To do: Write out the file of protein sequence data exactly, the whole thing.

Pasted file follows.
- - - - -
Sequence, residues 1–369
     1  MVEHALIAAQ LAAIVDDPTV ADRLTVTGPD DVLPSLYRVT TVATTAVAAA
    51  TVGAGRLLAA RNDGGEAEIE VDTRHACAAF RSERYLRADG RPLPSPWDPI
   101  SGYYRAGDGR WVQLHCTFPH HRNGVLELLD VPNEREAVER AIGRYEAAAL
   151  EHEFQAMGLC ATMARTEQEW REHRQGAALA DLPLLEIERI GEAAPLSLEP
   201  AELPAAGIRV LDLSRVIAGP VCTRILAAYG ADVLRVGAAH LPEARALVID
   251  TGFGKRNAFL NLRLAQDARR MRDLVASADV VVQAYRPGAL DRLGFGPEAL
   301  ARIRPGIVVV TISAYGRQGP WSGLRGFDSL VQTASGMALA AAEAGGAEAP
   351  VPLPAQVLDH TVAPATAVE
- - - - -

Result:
Sequence, residues 1–369
     1  MVEHALIAAQ LAAIVDDPTV ADRLTVTGPD DVLPSLYRVT TVATTAVAAA
    51  TVGAGRLLAA RNDGGEAEIE VDTRHACAAF RSERYLRADG RPLPSPWDPI
   101  SGYYRAGDGR WVQLHCTFPH HRNGVLELLD VPNEREAVER AIGRYEAAAL
   151  EHEFQAMGLC ATMARTEQEW REHRQGAALA DLPLLEIERI GEAAPLSLEP
   201  AELPAAGIRV LDLSRVIAGP VCTRILAAYG ADVLRVGAAH LPEARALVID
   251  TGFGKRNAFL NLRLAQDARR MRDLVASADV VVQAYRPGAL DRLGFGPEAL
   301  ARIRPGIVVV TISAYGRQGP WSGLRGFDSL VQTASGMALA AAEAGGAEAP
   351  VPLPAQVLDH TVAPATAVE